Whatsapp, Snapchat & iMessage may disappear from England
Whatsapp is standing at the brink of a total UK ban as new legislation aims at stopping people from sending encrypted messages. WhatsApp, iMessage and Snapchat stand to face the ban, unless they stop encrypted communications. The law which stands to take away these platforms has been nicknamed 'Snoopers Charter' and could come into effect by autumn.
UK Home Secretary to revive the Data Bill
Though Liberal Democrats are trying to block the Data Bill, the Conservatives will move to empower the online surveillance powers of the police and security services with the Home Secretary keen to make the Bill a reality. The bill would require internet and cell phone companies to keep "records of customers' browsing activity, social media use, emails, voice calls, text messages for a year."
Opposition against 'snoop gate' charter
Jim Killock of The Open Rights Group, argued that this legislation roughly translates into the government espionage. This could mean data collection, police retention and "spying on everyone, whether suspected of a crime or not." Civil liberty and human rights activists feel that though the legislation could definitely be used to detect and prevent serious crimes, it may be used unlawfully.
After BlackBerry, it is Whatsapp's turn!
This isn't the first time a social messenger is being killed at the government's hands. In 2011 after the UK riots, the government had begun a crackdown on BlackBerry Messenger.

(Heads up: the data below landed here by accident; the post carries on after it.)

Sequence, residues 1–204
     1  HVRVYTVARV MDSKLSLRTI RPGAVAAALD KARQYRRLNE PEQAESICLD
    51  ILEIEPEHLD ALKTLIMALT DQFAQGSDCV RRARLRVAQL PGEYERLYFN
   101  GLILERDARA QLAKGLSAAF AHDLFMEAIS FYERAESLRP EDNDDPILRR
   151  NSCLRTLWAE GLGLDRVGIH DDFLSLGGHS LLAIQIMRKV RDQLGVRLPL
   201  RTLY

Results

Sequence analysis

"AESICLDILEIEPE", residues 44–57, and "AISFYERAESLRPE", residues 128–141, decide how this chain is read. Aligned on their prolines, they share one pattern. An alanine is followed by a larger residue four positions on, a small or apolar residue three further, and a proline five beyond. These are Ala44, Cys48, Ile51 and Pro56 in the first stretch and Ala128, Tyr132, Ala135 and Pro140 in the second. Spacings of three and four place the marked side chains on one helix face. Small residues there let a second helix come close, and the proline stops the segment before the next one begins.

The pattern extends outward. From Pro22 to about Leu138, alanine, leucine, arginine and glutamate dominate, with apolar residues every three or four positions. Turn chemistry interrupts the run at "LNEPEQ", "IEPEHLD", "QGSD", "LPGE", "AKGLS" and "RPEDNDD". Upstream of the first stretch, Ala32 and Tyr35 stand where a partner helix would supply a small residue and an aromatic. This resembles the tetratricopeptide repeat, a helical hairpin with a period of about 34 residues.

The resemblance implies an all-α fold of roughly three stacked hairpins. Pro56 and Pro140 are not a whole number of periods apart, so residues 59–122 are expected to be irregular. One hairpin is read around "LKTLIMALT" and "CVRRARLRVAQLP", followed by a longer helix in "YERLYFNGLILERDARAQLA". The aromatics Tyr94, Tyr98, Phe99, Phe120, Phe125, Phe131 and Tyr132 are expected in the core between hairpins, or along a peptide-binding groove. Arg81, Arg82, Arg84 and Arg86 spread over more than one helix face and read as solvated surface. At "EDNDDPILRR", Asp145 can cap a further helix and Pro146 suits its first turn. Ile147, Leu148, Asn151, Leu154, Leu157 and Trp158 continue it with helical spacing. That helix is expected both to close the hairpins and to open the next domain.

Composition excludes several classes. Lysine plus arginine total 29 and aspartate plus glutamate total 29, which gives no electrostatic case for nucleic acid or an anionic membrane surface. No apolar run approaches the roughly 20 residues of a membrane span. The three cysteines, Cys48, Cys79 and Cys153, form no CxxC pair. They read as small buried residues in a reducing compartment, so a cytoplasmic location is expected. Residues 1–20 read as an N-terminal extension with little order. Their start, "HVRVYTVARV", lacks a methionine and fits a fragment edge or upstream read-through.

Data Bill to hamper business
The bill if effective will make the internet service providers (ISPs) charge much more from the customers. The companies will have to sink in a lot of time to save up unnecessary data, which will eventually be 'unproductive'. Moreover, it would restrain the encryption business as it would limit the products these businesses can "develop, as it could undermine their security."
Snoopers Charter decision decoded!
The Draft Communications Data Bill would entail online services like WhatsApp, Facebook, Google and Apple to hand over messages to government agencies viz. MI5. According to the Home Secretary, Theresa May, the government's decision to go ahead with the ban has been fast tracked due to the recent terrorist attacks in France and Tunisia. This legislation would help keep a check on terrorist activities.
The Prime Minister speaks on the legislation
David Cameron commented, "In our country, do we want to allow a means of communication between people which we cannot read?...My answer to that question is no we must not."
What WhatsApp stands to lose?
The active WhatsApp user base in the United Kingdom was 34% of its mobile web users in 2014. If the Draft Communications Data Bill comes through, it would seriously hurt Whatsapp.